Unwanted Blessings

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When painful things come to you, look deeper. They may be blessings in disguise.

When my friend Nora was 24, she married Fredrik, her tall, good-looking high school sweetheart. She supported him through medical school and residency in San Francisco, working as a counselor. When they returned to Wisconsin, she gave up her job to raise their son Arne; then aged two, now 12.

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9 Responses to Unwanted Blessings

  1. Paul Ernsberger says:

    David, I identify with your friend Nora. After moving out from my narcissistic ex-wife, I had immediate relief from high blood pressure and I have not had a high reading since. After 15 years of having loose stool 6 times a day, I overnight became normal and no longer needed daily lomotil. Because of draconian levels of alimony to my ex (who is a social worker) I must live in a high crime area of the inner city. Yet I have never been happier.

  2. Gina says:

    Thank you.. Needed to read.. Helped me to be thankful to what is at hand.

  3. Flo Kelly says:

    David, I don’t respond to you after I read each of your stories, but I think about them and smile and love the way you are so in touch with things that slip by me. You also help me put in words what I have felt for a while.

  4. Marjorie Hamilton says:

    My most spiritual time was after my husband died in a car accident. Dealing with everything put me in a rare and special space. I knew I couldn’t live there all the time and was sad when I knew I had to return to life as we live it now. It was amazing though….

  5. Mitchell Dinnerstein says:

    Thank you for sharing this with us. It is beautifully written and very touching. There is really no benefit in being negative. You seem to have a way to get joy from life. I wish you all the best.


  6. Linda Martin says:

    Thanks for sharing. I experienced something very similar to Nora except my marriage didn’t last as long. I had become almost completely disabled from a nerve condition that all the doctors seemed unable to do anything with. My husband left me, I lost my job and had to move back in with my parents. I thought my life was over. Then I started taking long walks on my parents’ farm, trying to relax and spending a lot of time talking to God. My physical, mental and spiritual life took a complete 180 degree turn over the next 6 months. I would say looking back after 40 years that was the best thing that ever happened to me. I’ve been able to complete college, work and now looking forward to retirement.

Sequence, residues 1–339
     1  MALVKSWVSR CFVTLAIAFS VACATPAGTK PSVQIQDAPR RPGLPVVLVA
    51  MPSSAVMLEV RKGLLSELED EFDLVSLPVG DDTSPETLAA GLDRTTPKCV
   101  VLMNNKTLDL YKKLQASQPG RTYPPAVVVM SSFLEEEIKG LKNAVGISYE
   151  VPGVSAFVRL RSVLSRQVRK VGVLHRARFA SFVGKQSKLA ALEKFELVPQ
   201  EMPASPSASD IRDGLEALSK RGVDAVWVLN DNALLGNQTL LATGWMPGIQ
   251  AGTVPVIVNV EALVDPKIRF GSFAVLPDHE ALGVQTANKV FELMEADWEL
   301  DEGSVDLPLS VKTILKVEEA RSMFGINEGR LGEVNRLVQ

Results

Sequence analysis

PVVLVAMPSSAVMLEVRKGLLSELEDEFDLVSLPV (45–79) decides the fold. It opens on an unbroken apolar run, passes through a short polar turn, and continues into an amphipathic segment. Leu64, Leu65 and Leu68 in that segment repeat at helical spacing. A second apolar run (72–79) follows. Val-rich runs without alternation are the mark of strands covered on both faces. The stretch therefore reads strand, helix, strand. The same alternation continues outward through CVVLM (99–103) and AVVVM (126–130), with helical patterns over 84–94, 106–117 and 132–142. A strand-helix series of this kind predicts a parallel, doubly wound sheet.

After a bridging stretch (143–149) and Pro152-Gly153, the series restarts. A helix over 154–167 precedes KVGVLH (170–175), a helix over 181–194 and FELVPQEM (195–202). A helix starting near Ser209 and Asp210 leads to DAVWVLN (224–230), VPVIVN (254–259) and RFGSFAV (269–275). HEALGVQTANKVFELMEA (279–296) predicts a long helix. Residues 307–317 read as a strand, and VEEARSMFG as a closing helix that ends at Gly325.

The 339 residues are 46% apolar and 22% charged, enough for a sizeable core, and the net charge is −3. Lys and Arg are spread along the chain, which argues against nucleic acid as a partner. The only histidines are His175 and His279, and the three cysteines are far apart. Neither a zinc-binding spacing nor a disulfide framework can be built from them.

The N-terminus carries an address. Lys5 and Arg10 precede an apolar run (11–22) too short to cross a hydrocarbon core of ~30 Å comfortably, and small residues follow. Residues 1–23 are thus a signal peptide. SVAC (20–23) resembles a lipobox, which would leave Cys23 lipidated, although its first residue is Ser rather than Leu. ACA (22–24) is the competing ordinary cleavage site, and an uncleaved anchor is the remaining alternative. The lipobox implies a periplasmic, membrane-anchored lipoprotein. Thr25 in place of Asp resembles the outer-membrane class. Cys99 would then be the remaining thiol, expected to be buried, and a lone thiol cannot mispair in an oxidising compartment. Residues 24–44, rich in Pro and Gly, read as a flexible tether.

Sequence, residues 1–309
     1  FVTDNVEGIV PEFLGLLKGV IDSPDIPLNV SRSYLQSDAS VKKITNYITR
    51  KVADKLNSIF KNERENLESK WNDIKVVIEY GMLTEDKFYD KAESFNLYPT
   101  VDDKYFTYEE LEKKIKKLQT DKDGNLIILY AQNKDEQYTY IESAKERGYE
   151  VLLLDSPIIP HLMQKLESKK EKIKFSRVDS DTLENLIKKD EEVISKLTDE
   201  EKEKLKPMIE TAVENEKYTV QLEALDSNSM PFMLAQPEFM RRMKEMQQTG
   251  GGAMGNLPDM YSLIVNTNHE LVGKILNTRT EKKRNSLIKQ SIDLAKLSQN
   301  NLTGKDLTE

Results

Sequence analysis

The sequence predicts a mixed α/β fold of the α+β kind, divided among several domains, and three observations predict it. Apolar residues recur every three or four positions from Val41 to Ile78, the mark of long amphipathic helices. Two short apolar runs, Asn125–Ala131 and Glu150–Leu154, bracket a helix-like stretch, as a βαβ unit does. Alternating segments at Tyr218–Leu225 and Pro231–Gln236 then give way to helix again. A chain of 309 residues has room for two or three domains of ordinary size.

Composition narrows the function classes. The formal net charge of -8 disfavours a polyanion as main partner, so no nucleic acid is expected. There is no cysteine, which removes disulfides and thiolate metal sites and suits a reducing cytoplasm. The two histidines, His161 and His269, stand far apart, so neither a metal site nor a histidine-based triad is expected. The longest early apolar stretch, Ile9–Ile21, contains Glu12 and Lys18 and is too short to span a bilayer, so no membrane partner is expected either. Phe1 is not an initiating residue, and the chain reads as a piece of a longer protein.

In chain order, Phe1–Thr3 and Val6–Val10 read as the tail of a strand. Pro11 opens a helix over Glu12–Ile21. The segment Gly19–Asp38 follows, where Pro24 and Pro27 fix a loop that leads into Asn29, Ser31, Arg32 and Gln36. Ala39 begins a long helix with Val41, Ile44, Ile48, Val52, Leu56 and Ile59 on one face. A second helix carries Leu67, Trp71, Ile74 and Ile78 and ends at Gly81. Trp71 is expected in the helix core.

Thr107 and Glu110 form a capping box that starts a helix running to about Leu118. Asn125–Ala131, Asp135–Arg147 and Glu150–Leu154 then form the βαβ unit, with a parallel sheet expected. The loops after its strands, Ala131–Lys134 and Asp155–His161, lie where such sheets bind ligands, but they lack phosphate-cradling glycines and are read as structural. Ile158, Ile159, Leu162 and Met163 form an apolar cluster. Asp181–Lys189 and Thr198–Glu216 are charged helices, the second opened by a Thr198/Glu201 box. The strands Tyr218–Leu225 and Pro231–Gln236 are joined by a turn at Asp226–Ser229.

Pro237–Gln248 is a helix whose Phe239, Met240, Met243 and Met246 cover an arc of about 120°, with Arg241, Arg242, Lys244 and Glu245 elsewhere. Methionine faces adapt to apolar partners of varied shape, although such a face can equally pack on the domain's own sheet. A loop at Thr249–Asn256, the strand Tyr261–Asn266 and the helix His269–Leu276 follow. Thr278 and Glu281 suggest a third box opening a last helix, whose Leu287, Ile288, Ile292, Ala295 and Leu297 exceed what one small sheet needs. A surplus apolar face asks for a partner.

By the way I love “Call The Midwife” shows on PBS. And I look forward to reading your blog every time. Keep up the good work.

  7. Patricia Monagle says:

    Your writings are always so positive and “upbeat”. I admire your mental clarity and brilliance, and I really admire your perseverance and your readings of the sages which are so uplifting to me. You are very brave, David, and your perseverance along these introspective lines would be in keeping with your wonderful mother, June. I really liked your question to the woman on the bus and your realization that we cannot generalize such remarks for use in all situations.

    Love, Tricia

  8. Jamal Mogannam says:

    Hi David. Thank you for writing. You story prompted me to remember a few things that help settle my soul when I’m stuck or troubled (all of which are easier said than done):
    Pain is inevitable; suffering is optional.
    Gratitude turns everything I have into enough.
    Count your blessings.
    Maintain a positive mindset.
    Let my thoughts and actions be guided by grace, acceptance, gratitude and tranquility.

    Again, thank you for writing.

  9. Jon Nelson says:

    I was just thinking about my first wife. Our relationship was a constant power struggle. We were mutually abusive and it seemed as though she was determined to cut me off from everything I loved in life. The thing is that during my years with her I had a series of profound mystical experiences. They caused a complete transformation. I have not had similar experiences since I left her. I could never tolerate the kind of dysfunction that I tolerated with her and I would never tolerate the kind of behavior from myself that I could easily justify back then. I know I could never have had those experiences if I was contented. My unhappy marriage forced me to go far beyond the limits of ego and conscious mind. If I’d said, “I hate this marriage” and left, without confronting myself I would have ended up behaving exactly the same in another miserable relationship. In some ways I’m grateful for that awful marriage.

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